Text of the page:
0 comments on “Dean preaches at the ‘other’ St Paul’s”

Dean preaches at the ‘other’ St Paul’s

Last Sunday evening, Dean Andreas was invited to preach at Evensong at St Paul’s Cathedral, London.

Drawing from the Book of Romans, the Dean spoke about the importance of Christian unity despite differences of culture and practice, as well as highlighting our refugee advocacy and work towards indigenous recognition as examples of Paul’s call to  ‘extend hospitality to strangers’ and ‘love one another with mutual affection’.

He also drew attention to the many links between the two St Paul’s Cathedrals, both historic and present-day.

You can listen to a recording of the sermon, or read the text here.

0 comments on “Hiroshima Peace Day Service”

Hiroshima Peace Day Service

At the 10.30am service on Sunday 5 August, we will mark the anniversary of the bombing of Hiroshima with a special Peace Day commemoration.

The service will be attended by Representatives from the Japanese Consulate and the Melbourne Ikebana (Japanese flower arranging) Chapter who will provide beautiful  floral arrangements to commemorate the occasion.

Members of the Japanese community in Melbourne, and all who are committed to working for peace, are warmly invited to attend.

0 comments on “Annual Report 2017”

Annual Report 2017

On 5 June 2018, the Chapter of St Paul’s Cathedral formally adopted the 2017 Annual Report. The report gives insights into the many events, activities, initiatives and ministries conducted by the Cathedral. Colleagues, ministries, and volunteers of the Cathedral have each contributed reflections on the past year. It is available to read online. Copies of the audited accounts can be obtained from the Cathedral Administrator on request.

A copy of the Annual Report can be downloaded as a .pdf here. Hard copies will be available from the Cathedral from 1 July 2018.

0 comments on “Patronal Festival”

Patronal Festival

Sunday 1st July, 2018

We will again celebrate our Patronal Festival with a combined Festive Choral Eucharist at 10.00am (only service that morning) to which all are invited. Our Annual General Meeting will follow the service and commence at 11.15am, followed by the Patronal Festival Lunch will 12.30pm in the Barbara Darling Room.

Bookings have now closed for the Lunch. Please contact or phone 9653 4210 if you missed out and would like to come.

A Provincial Festive Choral Evensong will be held at 6.00pm. Archdeacon Philip Muston from the Gippsland Diocese will be the preacher.

0 comments on “How to Read The Bible”

How to Read The Bible

Ever struggle to understand what you are reading in the Bible?
Ever wonder about how to interpret and apply God’s word?

Beginning Sunday 27th May at 12.00pm ‘How to Read the Bible’ provides, over 3 sessions, an opportunity to consider these questions and more. These sessions will be led by the Canon Precentor, The Revd Canon Heather Patacca.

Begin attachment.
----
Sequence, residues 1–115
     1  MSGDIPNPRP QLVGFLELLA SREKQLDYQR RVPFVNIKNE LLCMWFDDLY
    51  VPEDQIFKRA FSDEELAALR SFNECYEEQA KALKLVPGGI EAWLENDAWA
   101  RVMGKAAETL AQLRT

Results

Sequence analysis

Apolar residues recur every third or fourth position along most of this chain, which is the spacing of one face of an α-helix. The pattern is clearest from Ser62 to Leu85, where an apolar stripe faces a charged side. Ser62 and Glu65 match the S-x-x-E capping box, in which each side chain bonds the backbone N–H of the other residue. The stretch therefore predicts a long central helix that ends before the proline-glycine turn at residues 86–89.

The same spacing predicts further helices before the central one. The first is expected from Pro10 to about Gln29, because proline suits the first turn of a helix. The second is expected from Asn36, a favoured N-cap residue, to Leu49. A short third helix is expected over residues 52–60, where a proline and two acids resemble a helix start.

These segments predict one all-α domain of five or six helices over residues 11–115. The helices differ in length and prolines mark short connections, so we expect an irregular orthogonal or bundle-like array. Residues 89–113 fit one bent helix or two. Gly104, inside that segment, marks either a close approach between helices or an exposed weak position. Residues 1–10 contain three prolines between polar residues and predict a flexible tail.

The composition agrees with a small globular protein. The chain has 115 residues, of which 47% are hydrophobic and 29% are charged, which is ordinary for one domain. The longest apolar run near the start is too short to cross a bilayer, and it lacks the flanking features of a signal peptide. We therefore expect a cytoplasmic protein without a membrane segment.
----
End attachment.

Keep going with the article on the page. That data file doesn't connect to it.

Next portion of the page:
Contact to register.


Yakama Yapaneyepuk Exhibition

St Paul’s Cathedral Melbourne with Kaiela Arts Shepparton presents –
Works by Aboriginal artists from Kaiela Arts

Artists from Kaiela Arts Shepparton have collaborated with St Paul’s Cathedral Artist-in-Residence Sean Whittaker. This exhibition features the outcome of the collaboration and responds to the concept of ‘Coming Together’

Exhibition: Open Daily 26 May – 22 June (Free Admission)
Location: The Transept Gallery – St Paul’s Cathedral
Cnr Flinders St and Swanston St, Melbourne VIC

Image Acknowledgement:

Amanda Ormiston: Sand Painting
Tammy-Lee Atkinson: Totems
St Paul’s Cathedral stained glass door detail

0 comments on “Mothers’ Day Classic – Road Closures”

Mothers’ Day Classic – Road Closures

Please note that next Sunday 13 May, there will be a number of road closures for those approaching the Cathedral from the South West of the CBD, due to the Mother’s Day Classic fun run. Fortunately, access to the Cathedral will not be directly impacted, but if you are concerned that your route may be affected, do check this summary of road closures.

0 comments on “Gloria”


Date: Friday 4 and Saturday 5 May
Time: 7.30pm
Venue: St Paul’s Cathedral, Cnr of Swanston Street and Flinders Street, Melbourne
Cost: $30 Full / $15 Concession
Booking: Online via Eventbrite

An all-sensory experience of historic architectural beauty, modern visual spectacle, choral and orchestral music, and the timeless genius of Vivaldi, presented by the students of the Faculty of Fine Arts and Music, the University of Melbourne.

Featuring the Early Voices and Baroque Ensemble, Stephen Grant (musical director), Erin Helyard (musical director), Jane Davidson (creative director).

Gloria and Beatus vir are two of Vivaldi’s most beautiful and moving choral works. Set within the magnificent St Paul’s Cathedral, and using magical visual imagery, these spellbinding performances offer unique experiences of uplifting emotion.

Featured image © Sarah Walker.